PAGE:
Modelling tools to assess the impact of the implementation of response measures

The following portal contains information on modelling tools that have been, or could be, useful in assessing the impact of the implementation of response measures.  This information is sourced from outcomes of previous UNFCCC workshops, existing model databases and more general references and sources.  The amount of information available varied considerably across models and model groups.  The following structure is used:

  • model name and main web page;

  • name of organization and contact details;

  • basic description;

  • relevance in assessing the impact of response measures to climate change;

  • geographical coverage;

  • main area of application;

  • examples of projects using the model;

  • examples of other modelling projects and publications.

The descriptions are intended to be short and easily understandable.  If users require further information they can follow the web links or contact details.

The main criteria for selecting the models included in the web portal were:

  • Model structure and classifications:  This faciltated the identification of models covering the areas relevant for the analysis of the impacts of response measures to climate change outlined above.

  • Geographical coverage:  More importance was assigned to models that cover all regions of the world.  However, models with partial world coverage and national (mainly large country) coverage are included if they are relevant to analysis of response measures, or can provide good examples of exercises assessing national measures.

  • Documentation and evidence of maintenance:  This information provides evidence that the model is being maintained and can therefore reasonably be assumed to include recent data.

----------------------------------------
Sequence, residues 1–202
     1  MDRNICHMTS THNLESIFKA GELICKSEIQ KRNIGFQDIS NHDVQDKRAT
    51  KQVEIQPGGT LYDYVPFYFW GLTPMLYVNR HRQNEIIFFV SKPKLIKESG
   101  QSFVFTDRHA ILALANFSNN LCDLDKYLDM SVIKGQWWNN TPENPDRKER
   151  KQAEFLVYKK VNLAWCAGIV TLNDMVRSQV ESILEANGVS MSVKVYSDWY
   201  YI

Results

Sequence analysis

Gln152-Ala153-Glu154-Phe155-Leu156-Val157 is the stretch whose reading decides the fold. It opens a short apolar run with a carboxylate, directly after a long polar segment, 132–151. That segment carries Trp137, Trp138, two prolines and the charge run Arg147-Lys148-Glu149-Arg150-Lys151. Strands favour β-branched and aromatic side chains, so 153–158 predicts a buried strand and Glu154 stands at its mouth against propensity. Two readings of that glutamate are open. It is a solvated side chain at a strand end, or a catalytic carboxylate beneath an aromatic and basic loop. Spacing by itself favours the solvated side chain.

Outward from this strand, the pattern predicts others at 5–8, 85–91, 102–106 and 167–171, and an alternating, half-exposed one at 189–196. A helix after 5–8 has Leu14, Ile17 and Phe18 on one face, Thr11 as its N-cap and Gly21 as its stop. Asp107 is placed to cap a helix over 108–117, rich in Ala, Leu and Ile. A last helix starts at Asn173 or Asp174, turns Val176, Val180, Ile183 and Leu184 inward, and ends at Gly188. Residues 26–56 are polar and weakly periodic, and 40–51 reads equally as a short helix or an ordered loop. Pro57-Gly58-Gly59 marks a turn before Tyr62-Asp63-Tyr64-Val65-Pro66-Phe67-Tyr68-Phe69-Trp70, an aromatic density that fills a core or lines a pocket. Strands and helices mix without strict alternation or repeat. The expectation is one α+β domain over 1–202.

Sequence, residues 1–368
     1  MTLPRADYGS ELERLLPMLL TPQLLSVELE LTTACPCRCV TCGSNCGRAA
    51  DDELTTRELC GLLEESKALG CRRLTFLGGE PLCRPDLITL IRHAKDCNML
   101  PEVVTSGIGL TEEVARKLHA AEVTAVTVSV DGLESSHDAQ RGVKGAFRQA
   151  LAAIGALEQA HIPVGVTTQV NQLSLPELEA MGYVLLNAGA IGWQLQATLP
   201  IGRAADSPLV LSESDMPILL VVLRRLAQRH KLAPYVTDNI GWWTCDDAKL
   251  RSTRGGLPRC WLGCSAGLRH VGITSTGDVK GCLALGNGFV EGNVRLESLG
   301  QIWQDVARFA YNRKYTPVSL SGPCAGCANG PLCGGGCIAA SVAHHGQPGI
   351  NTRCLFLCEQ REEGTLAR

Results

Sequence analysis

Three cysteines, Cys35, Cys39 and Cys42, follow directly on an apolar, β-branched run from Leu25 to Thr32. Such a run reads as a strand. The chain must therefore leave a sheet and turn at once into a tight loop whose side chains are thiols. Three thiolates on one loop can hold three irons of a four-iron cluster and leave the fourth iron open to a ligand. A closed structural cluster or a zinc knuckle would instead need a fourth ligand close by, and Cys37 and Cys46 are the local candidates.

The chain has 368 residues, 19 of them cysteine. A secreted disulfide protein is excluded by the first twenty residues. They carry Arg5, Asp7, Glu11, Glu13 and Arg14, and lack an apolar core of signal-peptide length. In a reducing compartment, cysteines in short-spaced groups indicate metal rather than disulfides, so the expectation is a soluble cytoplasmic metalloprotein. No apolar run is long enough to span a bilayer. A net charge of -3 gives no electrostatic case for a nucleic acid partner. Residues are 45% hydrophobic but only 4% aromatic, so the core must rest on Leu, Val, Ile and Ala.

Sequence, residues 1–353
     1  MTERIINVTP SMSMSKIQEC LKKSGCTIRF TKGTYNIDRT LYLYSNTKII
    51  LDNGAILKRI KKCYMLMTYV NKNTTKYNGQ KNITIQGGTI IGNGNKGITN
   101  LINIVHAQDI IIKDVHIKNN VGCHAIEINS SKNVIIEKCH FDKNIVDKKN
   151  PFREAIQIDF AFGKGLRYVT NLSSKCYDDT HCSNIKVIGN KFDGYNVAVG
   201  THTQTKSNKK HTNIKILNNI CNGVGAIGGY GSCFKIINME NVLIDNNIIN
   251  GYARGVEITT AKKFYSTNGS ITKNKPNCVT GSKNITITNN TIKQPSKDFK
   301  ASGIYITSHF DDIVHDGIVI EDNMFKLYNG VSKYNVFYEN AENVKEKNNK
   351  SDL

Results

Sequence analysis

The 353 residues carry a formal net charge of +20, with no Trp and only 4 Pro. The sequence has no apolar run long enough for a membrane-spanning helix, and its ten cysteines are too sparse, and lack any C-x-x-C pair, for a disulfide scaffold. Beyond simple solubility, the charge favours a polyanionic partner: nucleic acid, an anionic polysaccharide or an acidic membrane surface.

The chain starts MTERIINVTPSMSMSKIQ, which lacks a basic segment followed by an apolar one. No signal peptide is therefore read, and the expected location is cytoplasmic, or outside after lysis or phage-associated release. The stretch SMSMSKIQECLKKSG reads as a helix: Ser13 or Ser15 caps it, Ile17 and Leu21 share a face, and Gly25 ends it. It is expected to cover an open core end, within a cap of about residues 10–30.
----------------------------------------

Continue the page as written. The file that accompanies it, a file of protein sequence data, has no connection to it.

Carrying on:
The database is divided into two sections, based on the focus of the modelling tools.  The two sections are:


Integrated Assessment Models (IAMs) and Energy-Environment-Economy (E3) models:  For this context, IAMs and E3 models are most relevant in assessing the impact of the implementation of response measures to climate change, as they have a strong focus on socio-economic aspects.  These models have detailed sectoral and regional classifications that  can be useful in assessing the impacts of economic diversification and trade and spillover impacts.  They are however less well equipped to address technological development.


Energy models:  Energy models are particularly relevant for addressing energy efficiency and analysing the impacts of new technologies.  Many are also relevant to the analysis of different pricing systems, for example through changes in taxation policy or subsidies.  Generally, however, their coverage of socio-economic issues is less well-defined.

For further information, or suggestions of additional entries, please email the Secretariat at